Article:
From Al Pacino to Ace Ventura, the Hawaiian shirt has been elbowing its way onto the silver screen since the 1950s, but why is its presence so controversial?
Love them or hate them, Hawaiian shirts have a very special place in cinema (admittedly mostly limited to the 90s, but still a special place) and they’ve managed to brighten up our screens from the days of Elvis Presley to those of Adam Sandler. Here’s a look into why this tourist’s staple is so loved by Hollywood.
Thanks to Alfred Shaheen, often credited with bringing the Hawaiian shirt to us mere mortals, Elvis wore the infamous top on his Blue Hawaii album cover and, although he was not the first to wear one, this is arguably where Hollywood’s fascination begins. Whilst Presley is busy serenading women on beaches, the Hawaiian-shirt-shaped seed is planted but, sadly, it largely disappears from our screens for a few decades. However, just as it seems that the shirt has seen its last days in the cinema sun, the 1980s arrive.
The 1983 film ‘Scarface’, starring Al Pacino as Tony Montana, not only brings the shirt back to mainstream cinema, but also seemingly begins a weird cinematic link between violent gangsters and the floral garment. For example, the shirt appears to be a Quentin Tarantino favourite, appearing in a fair few of his films including ‘Pulp Fiction’ (1994) and ‘True Romance’ (1993). Here they are accessorised with guns by the men who wear them, a leaf taken from Tony Montana’s book and a far cry from Elvis. Brad Pitt even dons this combination in yet another Tarantino film (I told you he liked them), ‘Once upon a Time in… Hollywood’ (2019). However, Pitt is no newbie to the Hawaiian-shirt-wearing-thug trope, effortlessly sporting one in ‘Fight Club’ (1999) as the sadistically violent Tyler Durden twenty years earlier.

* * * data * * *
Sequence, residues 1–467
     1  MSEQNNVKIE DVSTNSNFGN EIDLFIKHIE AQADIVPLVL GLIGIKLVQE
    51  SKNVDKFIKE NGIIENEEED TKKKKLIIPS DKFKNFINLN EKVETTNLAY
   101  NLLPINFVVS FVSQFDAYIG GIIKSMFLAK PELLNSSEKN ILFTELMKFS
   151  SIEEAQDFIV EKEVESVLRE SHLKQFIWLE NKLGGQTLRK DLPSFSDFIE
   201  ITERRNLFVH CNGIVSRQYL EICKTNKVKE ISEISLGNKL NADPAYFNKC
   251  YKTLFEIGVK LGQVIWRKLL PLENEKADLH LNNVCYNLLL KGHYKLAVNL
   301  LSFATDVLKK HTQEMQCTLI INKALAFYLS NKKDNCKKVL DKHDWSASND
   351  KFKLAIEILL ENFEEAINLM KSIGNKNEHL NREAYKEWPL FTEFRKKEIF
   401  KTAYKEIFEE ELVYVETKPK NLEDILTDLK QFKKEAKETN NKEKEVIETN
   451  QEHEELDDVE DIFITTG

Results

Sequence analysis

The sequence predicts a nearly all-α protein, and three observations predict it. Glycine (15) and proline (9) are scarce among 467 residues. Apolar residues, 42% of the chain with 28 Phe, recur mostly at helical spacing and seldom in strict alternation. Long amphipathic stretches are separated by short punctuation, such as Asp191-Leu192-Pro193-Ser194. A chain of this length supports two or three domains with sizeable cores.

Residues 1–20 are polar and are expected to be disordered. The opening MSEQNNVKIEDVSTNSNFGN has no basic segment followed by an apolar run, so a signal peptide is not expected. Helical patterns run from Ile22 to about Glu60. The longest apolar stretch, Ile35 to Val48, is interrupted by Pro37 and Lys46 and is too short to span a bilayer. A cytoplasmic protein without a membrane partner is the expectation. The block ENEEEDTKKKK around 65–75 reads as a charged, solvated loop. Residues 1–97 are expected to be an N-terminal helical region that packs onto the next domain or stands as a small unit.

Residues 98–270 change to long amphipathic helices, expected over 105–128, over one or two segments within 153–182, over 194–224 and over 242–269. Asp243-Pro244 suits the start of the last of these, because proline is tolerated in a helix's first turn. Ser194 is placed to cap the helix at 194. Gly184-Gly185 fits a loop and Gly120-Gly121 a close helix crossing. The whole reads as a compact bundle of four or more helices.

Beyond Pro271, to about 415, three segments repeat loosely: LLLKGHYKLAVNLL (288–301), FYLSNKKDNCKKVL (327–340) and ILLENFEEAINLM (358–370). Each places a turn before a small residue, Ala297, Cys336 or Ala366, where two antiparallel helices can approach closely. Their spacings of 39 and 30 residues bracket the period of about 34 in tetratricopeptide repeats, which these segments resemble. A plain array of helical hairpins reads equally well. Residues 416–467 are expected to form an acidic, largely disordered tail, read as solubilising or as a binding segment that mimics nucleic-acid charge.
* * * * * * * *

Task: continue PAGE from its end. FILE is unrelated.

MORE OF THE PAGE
Although criminal gangs may have tried to reclaim the Hawaiian shirt, the comic heroes beat them, and the garment became the uniform of comedic male leads (as well as dads on holiday) everywhere. While Jason Segel and Adam Sandler tried (and Adam Sandler really did try), the king of the Hawaiian shirt is undeniably Jim Carrey, which is made clear in ‘Ace Ventura: Pet Detective’ (1994). The man we have to thank for this match made in heaven is, however, Chunk of ‘The Goonies’ fame, who introduced the shirt to comedy protagonists when he burst onto the scene in 1985. This top was then quickly swept up by Tom Selleck in ‘Three Men and a Baby’ (1987) and the rest is history.
Although it has appeared in various colours and patterns and on various wearers over the years, there is one Hawaiian shirt that stands out above the rest, however. It is, of course, Leo’s in William Shakespeare’s ‘Romeo + Juliet’ (1996). Nobody wears it better (sorry Jim)